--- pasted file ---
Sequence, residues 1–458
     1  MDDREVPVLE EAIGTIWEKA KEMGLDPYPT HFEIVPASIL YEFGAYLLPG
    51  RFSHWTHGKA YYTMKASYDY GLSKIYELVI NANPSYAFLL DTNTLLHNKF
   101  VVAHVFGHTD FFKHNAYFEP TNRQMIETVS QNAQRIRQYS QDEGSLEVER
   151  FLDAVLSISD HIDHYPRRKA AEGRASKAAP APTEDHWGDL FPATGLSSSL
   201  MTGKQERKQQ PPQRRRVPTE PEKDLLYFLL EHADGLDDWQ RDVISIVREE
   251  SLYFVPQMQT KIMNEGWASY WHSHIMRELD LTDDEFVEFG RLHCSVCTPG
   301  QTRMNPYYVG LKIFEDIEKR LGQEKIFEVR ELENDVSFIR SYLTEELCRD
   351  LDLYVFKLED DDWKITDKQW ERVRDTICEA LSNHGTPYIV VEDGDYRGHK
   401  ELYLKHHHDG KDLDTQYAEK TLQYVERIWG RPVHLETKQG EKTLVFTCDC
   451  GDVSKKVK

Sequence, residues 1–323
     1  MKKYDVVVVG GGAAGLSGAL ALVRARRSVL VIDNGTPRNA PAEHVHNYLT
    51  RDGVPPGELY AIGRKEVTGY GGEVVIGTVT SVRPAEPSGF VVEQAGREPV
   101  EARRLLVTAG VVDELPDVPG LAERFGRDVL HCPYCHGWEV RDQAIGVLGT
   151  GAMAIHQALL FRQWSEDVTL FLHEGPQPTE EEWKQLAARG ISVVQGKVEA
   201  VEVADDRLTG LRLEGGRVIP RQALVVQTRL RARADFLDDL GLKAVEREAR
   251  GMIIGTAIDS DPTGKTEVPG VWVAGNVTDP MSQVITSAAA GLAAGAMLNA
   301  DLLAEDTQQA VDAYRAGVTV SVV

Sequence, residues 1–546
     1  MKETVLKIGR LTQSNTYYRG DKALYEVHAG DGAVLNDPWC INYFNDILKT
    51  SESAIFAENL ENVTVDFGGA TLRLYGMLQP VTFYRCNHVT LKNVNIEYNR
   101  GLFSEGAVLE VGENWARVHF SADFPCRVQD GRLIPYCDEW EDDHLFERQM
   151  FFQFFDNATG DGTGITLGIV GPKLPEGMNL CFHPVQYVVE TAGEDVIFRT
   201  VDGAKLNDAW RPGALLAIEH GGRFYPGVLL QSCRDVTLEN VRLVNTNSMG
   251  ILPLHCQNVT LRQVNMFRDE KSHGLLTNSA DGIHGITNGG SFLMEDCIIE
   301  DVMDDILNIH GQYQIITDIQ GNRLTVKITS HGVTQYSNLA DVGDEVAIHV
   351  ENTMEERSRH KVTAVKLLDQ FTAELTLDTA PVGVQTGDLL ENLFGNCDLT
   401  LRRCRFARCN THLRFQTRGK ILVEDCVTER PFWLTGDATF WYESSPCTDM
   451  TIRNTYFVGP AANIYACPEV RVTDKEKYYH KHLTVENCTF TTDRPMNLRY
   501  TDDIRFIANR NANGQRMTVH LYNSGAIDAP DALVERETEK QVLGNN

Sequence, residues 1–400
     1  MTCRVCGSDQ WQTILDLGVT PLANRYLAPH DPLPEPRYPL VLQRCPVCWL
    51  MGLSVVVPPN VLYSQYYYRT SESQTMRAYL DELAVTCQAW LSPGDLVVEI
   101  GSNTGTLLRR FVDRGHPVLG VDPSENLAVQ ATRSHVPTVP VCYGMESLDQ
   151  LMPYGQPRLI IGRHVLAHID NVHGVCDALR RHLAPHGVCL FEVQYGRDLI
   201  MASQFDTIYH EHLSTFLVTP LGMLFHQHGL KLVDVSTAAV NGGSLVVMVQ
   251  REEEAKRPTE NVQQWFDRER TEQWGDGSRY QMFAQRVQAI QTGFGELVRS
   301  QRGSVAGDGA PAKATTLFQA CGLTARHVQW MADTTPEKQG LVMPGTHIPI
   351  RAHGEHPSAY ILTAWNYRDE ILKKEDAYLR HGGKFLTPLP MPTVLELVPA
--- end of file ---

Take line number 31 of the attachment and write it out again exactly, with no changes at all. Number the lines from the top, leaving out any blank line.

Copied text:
   501  TDDIRFIANR NANGQRMTVH LYNSGAIDAP DALVERETEK QVLGNN